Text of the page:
Jason Rubadue, an engineer with Texas Instruments, led the build and explained the company’s willingness to support Engineering Futures.

"TI is proud to support ASU and the Engineering Futures program,” said Rubadue. “ASU is a top school and we like to hire its students. If the graduates don’t end up at TI, then we’d at least like them to be aware of and use TI when they become Engineers at other companies.”

Rubadue also has a goal to help students understand that Texas Instruments makes more than calculators, the TI is an innovative global semiconductor corporation that provides resources and tools to allow people to build robots, among many other useful technologies for society.

Texas Instruments provided each boot camp participant with a Texas Instruments Robotics System Learning Kit (TI-RSLK). Each TI-RSLK contained all the necessary components to assemble robots. Students had to learn to solder and use a crimping tool with special connectors, in addition to wiring and programming their robots after assembly.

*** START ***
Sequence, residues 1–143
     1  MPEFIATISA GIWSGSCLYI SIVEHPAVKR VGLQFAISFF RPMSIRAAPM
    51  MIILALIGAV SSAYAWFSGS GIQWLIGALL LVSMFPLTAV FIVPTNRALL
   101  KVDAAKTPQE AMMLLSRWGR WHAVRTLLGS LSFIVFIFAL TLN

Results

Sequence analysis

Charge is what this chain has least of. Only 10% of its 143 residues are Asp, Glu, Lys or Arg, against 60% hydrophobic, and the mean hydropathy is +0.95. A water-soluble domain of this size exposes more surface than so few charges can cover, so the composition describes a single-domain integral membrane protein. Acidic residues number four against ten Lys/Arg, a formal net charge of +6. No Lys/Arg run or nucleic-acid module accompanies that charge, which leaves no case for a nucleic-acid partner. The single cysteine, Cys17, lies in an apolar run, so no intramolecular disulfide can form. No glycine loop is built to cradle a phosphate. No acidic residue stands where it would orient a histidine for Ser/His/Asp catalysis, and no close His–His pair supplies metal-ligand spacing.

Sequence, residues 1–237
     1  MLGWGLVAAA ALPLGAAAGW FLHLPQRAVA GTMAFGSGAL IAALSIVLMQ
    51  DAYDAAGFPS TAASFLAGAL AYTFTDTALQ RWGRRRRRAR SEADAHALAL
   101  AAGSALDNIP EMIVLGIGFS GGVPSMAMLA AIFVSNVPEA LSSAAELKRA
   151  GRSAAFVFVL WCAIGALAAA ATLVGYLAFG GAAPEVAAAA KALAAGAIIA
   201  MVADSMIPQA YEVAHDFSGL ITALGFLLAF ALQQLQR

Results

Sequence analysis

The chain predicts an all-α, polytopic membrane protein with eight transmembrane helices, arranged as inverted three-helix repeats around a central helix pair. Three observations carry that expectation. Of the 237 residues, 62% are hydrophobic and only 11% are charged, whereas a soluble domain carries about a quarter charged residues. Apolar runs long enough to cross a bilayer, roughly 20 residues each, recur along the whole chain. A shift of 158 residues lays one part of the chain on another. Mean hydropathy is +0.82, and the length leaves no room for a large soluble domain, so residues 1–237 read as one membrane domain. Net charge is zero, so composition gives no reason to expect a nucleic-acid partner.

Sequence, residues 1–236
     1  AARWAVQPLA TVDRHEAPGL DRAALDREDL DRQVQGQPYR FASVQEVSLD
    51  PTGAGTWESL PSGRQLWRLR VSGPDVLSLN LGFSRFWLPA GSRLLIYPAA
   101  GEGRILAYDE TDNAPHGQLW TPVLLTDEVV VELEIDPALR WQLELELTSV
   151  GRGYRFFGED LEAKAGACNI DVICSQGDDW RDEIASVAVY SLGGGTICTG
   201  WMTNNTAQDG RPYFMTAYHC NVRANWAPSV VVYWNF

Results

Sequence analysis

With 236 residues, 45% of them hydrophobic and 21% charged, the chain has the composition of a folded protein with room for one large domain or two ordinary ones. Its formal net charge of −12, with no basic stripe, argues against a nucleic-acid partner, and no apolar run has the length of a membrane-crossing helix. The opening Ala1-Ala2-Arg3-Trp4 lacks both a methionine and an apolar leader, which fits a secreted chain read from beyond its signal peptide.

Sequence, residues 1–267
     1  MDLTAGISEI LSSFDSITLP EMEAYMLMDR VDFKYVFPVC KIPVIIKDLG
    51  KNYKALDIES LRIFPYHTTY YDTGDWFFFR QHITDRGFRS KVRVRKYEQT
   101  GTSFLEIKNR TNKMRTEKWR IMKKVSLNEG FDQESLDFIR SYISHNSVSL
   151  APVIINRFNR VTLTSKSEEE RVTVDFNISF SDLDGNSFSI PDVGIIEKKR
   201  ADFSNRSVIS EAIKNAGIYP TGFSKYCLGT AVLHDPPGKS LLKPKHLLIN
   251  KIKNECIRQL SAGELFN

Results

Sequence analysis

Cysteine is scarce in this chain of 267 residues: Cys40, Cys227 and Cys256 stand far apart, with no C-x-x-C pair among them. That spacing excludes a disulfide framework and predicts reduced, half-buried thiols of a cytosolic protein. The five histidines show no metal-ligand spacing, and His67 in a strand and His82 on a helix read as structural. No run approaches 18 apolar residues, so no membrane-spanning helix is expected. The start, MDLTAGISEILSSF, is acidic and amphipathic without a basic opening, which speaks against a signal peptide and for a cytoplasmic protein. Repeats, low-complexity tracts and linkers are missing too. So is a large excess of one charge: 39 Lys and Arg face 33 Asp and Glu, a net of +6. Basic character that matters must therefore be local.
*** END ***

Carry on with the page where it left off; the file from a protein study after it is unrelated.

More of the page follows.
Rubadue appreciated watching the students “get their hands dirty” and was thrilled to see the students’ joy when they persevered to get their robots to work.

“Creating something out of scratch that now has completely independent functions; that’s something really awesome,” said Sameer Channar, a rising computer science sophomore. “And testing it to see how the different iterations got better and better over time, is speaking to how we grow in ability over time.”

Jessica Dirks, another rising sophomore who is double majoring in human systems engineering and robotics, liked the collaboration required in the building and testing portion of the program.

“Because of the company of peers and being able to see how other people were thinking about it, I’ve also grown and shifted in my own mindset,” Dirks said, which helped her to troubleshoot and fix the problems with her robot.